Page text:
When a young mom found a frumpy vintage wedding dress at a thrift store, she knew she simply had to have it. But while the gown might have once made a bride feel like a princess on her wedding day, the high neckline, puffy sleeves and acres of lace hadn’t aged well. Still, its new owner saw beyond the drab dress before grabbing a pair of scissors and her sewing machine to make a stunning transformation.
Sarah Tyau is something of a social media sensation. The 33-year-old mom-of-three from Salt Lake City, Utah, has more than 90,000 Instagram followers and is a YouTube star as well. A devoted wife and mother, she loves sewing and home decorating.
And Tyau began a new chapter in her life when, in May 2007, she married Jay. Together, they now have two daughters – nine-year-old Adi and eight-year-old Ana – and a three-year-old son called Aiden. It was when their first daughter arrived that Tyau’s husband started a blog to document their life as new parents.
The blog, however, took on a new dimension seven years ago. With a growing family, money was tight, and Tyau’s wardrobe was in need of pepping up. But rather than throwing out her old clothes, she instead began transforming her existing garments with the help of a sewing machine .
Thanks to the new direction of her blog, Tyau started to gain an audience. And as her followers and subscribers grew in number, so did the ambition of her sewing projects. In fact, the young mom developed quite the talent for refashioning clothing, and so she began turning her old garments into outfits for her children.
Over the years, Tyau’s refashioning has included basic alterations to oversized outfits. But as her sewing skills improved, her redesigns gradually became more elaborate. For example, the mom has transformed old shirts into two-piece outfits for her girls, while she has also remodeled a dowdy pant suit into a sophisticated, figure-hugging dress.
And although Tyau often works to refashion her own clothing, she also goes on thrift-store hunts. She will pick out oversized or unloved garments and transform them into more stylish items. It was during one such shopping spree that she came across a vintage wedding dress.
As Tyau wrote on her blog, “I found this gorgeous wedding dress at a thrift store. Sure, it’s outdated and not within the time of what’s in style right now, but I can see why a certain lovely bride fell in love with this dress and wore it to her wedding!”
Respectful of the history of the dress, Tyau chose her words carefully. The style was outdated, while the colors of the fabrics were mismatched. It could really only be described as “frumpy.” But Tyau had immediately seen beyond all of that, as she has with all thrift-store finds.
After Tyau brought the dress home, she got to work. Firstly, she cut away the excess fabric. Endless bows, tulle, lace, frills, shoulder pads and more tulle were nipped and discarded – but not without a little bit of guilt from the seamstress as she set about her transformation.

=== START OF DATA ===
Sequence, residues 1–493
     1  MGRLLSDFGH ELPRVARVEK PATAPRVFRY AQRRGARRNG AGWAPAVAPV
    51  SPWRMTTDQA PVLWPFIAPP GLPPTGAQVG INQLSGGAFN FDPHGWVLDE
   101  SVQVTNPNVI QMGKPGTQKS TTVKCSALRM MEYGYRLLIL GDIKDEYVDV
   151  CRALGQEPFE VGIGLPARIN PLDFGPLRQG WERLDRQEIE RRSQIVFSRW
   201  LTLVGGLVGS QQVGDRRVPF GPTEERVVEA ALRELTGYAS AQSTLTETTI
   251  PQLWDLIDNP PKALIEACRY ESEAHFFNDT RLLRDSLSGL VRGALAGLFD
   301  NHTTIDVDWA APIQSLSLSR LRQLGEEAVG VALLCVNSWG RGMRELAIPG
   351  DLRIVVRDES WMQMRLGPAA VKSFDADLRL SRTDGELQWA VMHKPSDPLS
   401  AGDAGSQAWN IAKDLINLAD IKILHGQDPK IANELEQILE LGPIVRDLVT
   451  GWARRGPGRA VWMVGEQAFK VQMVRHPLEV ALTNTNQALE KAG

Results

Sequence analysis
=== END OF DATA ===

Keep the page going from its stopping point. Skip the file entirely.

Tyau wrote, “As I was cutting… I thought of the lady that wore this dress to her wedding. I wish I could meet her so I could see pictures of her in this dress on her wedding day!” She wondered what happened to the bride, what her life was like and even whether she was still alive.
The next step was to dye the fabrics a matching shade of cream. After stirring the dress in the dye mixture for around 20 minutes, Tyau realized the tulle was too yellow. Altering her plans slightly, she set aside the fabric – but she didn’t throw it away; she had another plan for it.
As described by Tyau on her blog, “I did A LOT to this dress, I dyed it to cream so the whole dress would be the same color, I raised the waistline so it wouldn’t be like a V-shape waistline, cut off all the tulle [and] cut the length of the dress to right below the knee.”
Tyau continued, “[I] took off the lace collar, lace bib, cut off the lace cuffs and cut off the sleeves and made it smaller and shorter length, took in an inch from each side of the dress, cut off the train and the giant bow in the back and gathered the extra lace from the sides to add to the back.”
After several hours of cutting and snipping, stitching and sewing, a remarkable transformation occurred. The result was a smart cocktail dress with a wide neck, fitted bodice and sleeves and a flared skirt. Indeed, the modifications made it unrecognizable from the original wedding dress.
But Tyau has admitted that she hadn’t made all of the alterations she had imagined. Originally, pearl and diamond embellishments had been part of the plan. Not wanting to waste any of the fabric, however, she made a matching headband from the discarded lace.
As well as the satisfaction of completing a project, avoiding fabric waste is high on Tyau’s list of reasons for refashioning clothes. She explained, “We throw away an average of $90 of clothes per person annually. About 85 percent of textiles go to waste where it occupies 5 percent of landfill space.”
Meanwhile, Tyau’s sewing output has increased recently; so much so, in fact, that she aims to post a new video update on her YouTube channel every week. And in a segment titled “Come Sew With Us,” she teams up with her daughter to teach viewers basic sewing tips.
One day, in fact, Tyau would like to start her own clothing line. Through her fashion brand, she would eventually donate all profits from sales of her garments to children’s charities. For now, though, she simply hopes to inspire others to follow their passions, whatever they may be.
“I enjoy saving money, saving the environment, making something unique that nobody else has and seeing my vision become a reality,” Tyau explained. “If you have a passion, a talent, or a dream, [don’t] push it away until [you] have more money, more time, more resources. Do it now with the resources [you] have. Doing it little by little with what you’ve got, even if it’s not perfect, is better than nothing.”